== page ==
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Business

Suddenly, Chinese offering jobs in US

Governor Robert Bentley toured a plant being built by Golden Dragon with company president Roger Zhang. It’s the first company Bentley recruited after taking office.

Jamie Martin/Associated Press

Governor Robert Bentley toured a plant being built by Golden Dragon with company president Roger Zhang. It’s the first company Bentley recruited after taking office.

PINE HILL, Ala. — Burdened with Alabama’s highest unemployment rate, long abandoned by textile mills and furniture plants, Wilcox County desperately needs jobs.

They’re coming, and from a most unlikely place: Henan Province, China.

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Henan’s Golden Dragon Precise Copper Tube Group opened a plant here last month. It will employ more than 300.

‘‘Jobs that pay $15 an hour are few and far between,’’ says Dottie Gaston, an official in nearby Thomasville.

What’s happening in Pine Hill is starting to happen across America.

After decades of siphoning jobs from the United States, China is creating some. Chinese companies invested a record $14 billion in the United States last year, according to Rhodium Group, a research firm. Collectively, they employ more than 70,000 Americans, up from virtually none a decade ago.

Powerful forces — narrowing wage gaps, tumbling US energy prices, the vagaries of currency markets — are pulling Chinese companies across the Pacific. Mayors and economic development officials have lined up to welcome Chinese investors. Southern states, touting low labor and land costs, have been aggressive.

In Pine Hill, tax breaks, Southern hospitality, and a tray of homemade banana pudding helped, too.

‘‘Get off the plane and the mayor is waiting for you,’’ says Hong Kong billionaire Ronnie Chan.

In March, Dothan, Ala., held a two-day US-China manufacturing symposium, drawing dozens of potential Chinese investors. On sale were T-shirts reading: ‘‘Ni hao, y’all’’ — combining the Chinese version of ‘‘hello’’ with a colloquial Southernism.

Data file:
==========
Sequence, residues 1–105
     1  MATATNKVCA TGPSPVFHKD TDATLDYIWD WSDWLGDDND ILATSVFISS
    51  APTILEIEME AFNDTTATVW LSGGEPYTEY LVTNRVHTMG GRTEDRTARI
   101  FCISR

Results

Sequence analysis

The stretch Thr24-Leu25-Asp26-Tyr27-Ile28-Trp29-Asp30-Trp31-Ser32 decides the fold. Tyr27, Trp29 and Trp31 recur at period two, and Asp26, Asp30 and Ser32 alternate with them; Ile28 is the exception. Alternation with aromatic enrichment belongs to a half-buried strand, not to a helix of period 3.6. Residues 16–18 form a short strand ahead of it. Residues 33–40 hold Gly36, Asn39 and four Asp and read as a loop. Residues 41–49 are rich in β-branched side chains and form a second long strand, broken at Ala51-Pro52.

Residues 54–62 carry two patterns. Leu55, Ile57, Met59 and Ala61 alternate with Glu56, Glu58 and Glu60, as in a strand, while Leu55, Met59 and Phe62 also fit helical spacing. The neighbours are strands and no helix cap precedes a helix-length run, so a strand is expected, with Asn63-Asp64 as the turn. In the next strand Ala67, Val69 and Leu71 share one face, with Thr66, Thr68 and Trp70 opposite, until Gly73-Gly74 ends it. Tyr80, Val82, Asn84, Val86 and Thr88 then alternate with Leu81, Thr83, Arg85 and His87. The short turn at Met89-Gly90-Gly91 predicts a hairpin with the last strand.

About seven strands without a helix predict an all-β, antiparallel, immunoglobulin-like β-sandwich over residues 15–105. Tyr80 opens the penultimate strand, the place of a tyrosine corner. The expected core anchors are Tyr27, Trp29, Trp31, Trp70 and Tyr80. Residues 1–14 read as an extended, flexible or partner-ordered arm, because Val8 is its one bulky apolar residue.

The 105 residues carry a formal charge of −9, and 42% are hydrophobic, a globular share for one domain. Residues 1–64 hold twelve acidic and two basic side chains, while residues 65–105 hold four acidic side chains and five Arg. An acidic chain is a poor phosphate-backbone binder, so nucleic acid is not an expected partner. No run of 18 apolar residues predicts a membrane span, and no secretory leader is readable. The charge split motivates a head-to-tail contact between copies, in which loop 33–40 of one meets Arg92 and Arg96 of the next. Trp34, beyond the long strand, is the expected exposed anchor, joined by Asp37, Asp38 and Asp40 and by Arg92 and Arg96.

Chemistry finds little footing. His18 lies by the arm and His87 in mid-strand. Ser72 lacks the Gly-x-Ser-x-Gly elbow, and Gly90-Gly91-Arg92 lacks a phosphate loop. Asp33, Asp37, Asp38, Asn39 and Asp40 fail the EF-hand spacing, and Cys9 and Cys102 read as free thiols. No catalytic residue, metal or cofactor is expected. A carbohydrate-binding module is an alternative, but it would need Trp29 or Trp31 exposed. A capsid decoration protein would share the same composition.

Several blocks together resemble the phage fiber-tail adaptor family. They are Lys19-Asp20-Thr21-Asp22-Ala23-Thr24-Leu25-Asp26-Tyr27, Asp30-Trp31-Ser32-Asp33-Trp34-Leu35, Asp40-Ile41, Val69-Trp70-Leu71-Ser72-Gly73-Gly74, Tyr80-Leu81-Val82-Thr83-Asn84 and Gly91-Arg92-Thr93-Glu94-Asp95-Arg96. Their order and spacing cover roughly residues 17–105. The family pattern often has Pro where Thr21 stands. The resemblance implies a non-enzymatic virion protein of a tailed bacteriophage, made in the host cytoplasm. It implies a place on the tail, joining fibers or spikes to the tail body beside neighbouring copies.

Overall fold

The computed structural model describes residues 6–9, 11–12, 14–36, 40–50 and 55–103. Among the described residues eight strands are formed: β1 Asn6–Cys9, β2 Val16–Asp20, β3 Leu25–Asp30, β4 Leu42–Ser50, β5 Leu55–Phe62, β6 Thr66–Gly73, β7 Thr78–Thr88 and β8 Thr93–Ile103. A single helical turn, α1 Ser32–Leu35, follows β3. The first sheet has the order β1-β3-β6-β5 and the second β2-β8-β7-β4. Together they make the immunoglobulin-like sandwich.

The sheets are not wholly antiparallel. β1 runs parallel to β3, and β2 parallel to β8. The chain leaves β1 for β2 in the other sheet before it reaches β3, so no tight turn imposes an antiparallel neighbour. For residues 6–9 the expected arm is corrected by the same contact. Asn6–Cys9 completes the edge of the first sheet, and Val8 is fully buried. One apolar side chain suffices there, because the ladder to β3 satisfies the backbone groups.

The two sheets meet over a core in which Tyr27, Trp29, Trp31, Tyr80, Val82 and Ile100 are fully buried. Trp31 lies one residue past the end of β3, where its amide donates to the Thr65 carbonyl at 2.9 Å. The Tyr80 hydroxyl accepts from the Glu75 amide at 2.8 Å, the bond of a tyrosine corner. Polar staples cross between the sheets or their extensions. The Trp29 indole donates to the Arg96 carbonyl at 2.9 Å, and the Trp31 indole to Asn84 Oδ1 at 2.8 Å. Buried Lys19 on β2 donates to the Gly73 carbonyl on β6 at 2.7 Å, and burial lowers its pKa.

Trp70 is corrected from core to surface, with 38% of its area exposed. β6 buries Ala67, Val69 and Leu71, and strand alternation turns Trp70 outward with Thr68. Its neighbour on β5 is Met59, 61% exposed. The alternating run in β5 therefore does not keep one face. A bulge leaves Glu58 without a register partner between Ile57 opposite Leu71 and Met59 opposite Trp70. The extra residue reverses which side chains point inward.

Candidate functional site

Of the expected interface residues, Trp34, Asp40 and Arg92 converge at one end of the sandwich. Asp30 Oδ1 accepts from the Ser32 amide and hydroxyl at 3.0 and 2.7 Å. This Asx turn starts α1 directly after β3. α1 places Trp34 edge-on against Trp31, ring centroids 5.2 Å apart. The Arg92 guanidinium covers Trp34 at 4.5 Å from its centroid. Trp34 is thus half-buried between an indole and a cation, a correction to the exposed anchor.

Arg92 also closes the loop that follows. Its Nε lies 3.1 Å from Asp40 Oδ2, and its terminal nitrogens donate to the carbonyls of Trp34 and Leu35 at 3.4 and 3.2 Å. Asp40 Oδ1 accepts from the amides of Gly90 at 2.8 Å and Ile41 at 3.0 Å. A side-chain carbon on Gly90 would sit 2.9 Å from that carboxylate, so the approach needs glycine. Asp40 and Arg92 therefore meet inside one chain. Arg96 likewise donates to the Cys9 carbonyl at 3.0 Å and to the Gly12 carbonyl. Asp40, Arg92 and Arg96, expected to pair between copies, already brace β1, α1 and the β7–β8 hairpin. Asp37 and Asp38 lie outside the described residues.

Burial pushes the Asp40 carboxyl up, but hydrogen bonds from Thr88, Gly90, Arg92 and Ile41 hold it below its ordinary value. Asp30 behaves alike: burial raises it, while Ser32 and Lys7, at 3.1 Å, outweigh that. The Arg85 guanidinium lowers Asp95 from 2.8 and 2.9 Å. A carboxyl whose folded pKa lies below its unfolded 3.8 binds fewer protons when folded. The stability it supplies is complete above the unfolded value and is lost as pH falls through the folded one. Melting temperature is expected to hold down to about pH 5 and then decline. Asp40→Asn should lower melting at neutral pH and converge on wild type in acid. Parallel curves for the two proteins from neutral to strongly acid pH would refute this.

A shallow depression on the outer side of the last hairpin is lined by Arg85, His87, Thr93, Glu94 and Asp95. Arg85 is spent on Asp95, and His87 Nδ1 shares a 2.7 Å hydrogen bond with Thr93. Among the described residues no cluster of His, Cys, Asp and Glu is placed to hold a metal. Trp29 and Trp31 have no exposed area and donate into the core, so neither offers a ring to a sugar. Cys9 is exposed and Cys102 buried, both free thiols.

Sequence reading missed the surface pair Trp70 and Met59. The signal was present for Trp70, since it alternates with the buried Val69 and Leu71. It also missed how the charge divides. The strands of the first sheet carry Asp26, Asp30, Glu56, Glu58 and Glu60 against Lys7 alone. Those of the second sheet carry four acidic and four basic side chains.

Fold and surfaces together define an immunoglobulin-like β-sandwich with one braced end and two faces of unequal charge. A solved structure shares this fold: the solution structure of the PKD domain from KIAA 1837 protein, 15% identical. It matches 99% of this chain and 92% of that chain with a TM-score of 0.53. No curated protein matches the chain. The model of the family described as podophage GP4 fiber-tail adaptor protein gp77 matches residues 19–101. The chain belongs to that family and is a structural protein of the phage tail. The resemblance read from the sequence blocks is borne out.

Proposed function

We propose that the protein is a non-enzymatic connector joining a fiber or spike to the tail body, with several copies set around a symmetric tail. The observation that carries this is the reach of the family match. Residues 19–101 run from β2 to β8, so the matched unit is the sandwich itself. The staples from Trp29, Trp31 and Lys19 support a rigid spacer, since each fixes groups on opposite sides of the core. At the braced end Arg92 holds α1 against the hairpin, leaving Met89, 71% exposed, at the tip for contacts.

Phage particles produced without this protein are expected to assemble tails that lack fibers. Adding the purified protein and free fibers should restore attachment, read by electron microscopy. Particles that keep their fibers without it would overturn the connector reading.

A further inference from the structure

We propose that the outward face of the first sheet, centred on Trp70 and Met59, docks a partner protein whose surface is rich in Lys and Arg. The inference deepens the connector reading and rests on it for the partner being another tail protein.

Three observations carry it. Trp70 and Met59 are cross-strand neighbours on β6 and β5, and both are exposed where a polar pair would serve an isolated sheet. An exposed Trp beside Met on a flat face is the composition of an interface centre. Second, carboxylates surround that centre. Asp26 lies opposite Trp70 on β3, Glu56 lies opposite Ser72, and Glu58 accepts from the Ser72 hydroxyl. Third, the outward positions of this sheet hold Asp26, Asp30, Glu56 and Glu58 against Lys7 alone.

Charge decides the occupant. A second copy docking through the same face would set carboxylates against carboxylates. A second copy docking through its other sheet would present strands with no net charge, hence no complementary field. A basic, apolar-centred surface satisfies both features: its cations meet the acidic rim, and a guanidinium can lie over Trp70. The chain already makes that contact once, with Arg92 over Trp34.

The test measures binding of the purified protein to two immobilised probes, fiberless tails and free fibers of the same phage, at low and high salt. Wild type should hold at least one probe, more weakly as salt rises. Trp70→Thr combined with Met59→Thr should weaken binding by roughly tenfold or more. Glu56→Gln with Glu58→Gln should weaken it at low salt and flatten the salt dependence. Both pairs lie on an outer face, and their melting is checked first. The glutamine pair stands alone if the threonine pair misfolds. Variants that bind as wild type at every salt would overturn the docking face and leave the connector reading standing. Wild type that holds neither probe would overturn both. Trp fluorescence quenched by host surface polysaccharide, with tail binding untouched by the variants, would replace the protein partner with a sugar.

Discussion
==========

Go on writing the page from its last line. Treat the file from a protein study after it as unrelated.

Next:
A Chinese company, in a deal negotiated before the symposium, announced it would bring a 3-D printing operation to Dothan.

Among other Chinese projects in the United States:

 In Moraine, Ohio, glassmaker Fuyao Glass Industry Group is taking over a plant that General Motors abandoned in 2008 and creating at least 800 jobs.

 In Lancaster County, S.C., Chinese textile manufacturer Keer Group is investing $218 million in a plant to make industrial yarn and will employ 500. South Carolina nudged the deal along with a $4 million grant.

 In Gregory, Texas, Tianjin Pipe is investing over $1 billion in a factory that makes pipes for oil and gas drillers. It will have 50 to 70 employees by the end of this year and 400 to 500 by the end of 2017.

The United States and China have long had a lopsided relationship: China makes things; America buys them. The US trade deficit in goods with China last year hit a record $318 billion.

And for three decades, numerous US manufacturers have moved operations to China.

The flow is at least starting to move the other way. One reason is that in the past decade, the cost of labor, adjusted for productivity gains, has surged 187 percent at Chinese factories, compared with just 27 percent in the United States, according to Boston Consulting Group.

In addition, Chinese electricity costs rose 66 percent, more than twice the United States’ increase.

And the value of China’s currency has risen more than 30 percent against the US dollar over the past decade. The higher yuan has raised the cost of Chinese goods sold abroad and, conversely, made US goods more affordable in China.

Those rising costs have cut China’s competitive edge. In 2004, manufacturing cost 14 percent less in China than in the United States; that advantage has narrowed to 5 percent. If the trend toward higher wages, energy costs, and a higher currency continues, Boston Consulting predicts, US manufacturing will be less expensive than China’s by 2018.

Cost isn’t the only allure. As Chinese companies build more sophisticated products, they want to work more directly with US customers.

‘‘Being close to the marketplace is good for everybody,’’ says Loretta Lee, a Hong Kong entrepreneur who opened a shoe factory in Tennessee.

Wilcox County — with 15.5 percent unemployment, Alabama’s highest — qualified for extra aid. It landed $8 million in state and federal grants to help build an annex road and sewage lines for the Chinese project.

The county also gave the company 100 acres of a 274-acre industrial park it bought for $1.2 million and a break on property taxes. Alabama offered to reimburse the company up to $20 million of its costs for building the $100 million factory. It will get the full amount if it ends up hiring 500 people.

Still, culture and language can remain a barrier. Local officials hastily replaced a black-and-white banner welcoming Golden Dragon after learning that the colors signified a funeral to the Chinese.

‘‘Nobody wants a faux pas,’’ says John Clyde Riggs, executive director of a regional planning commission.

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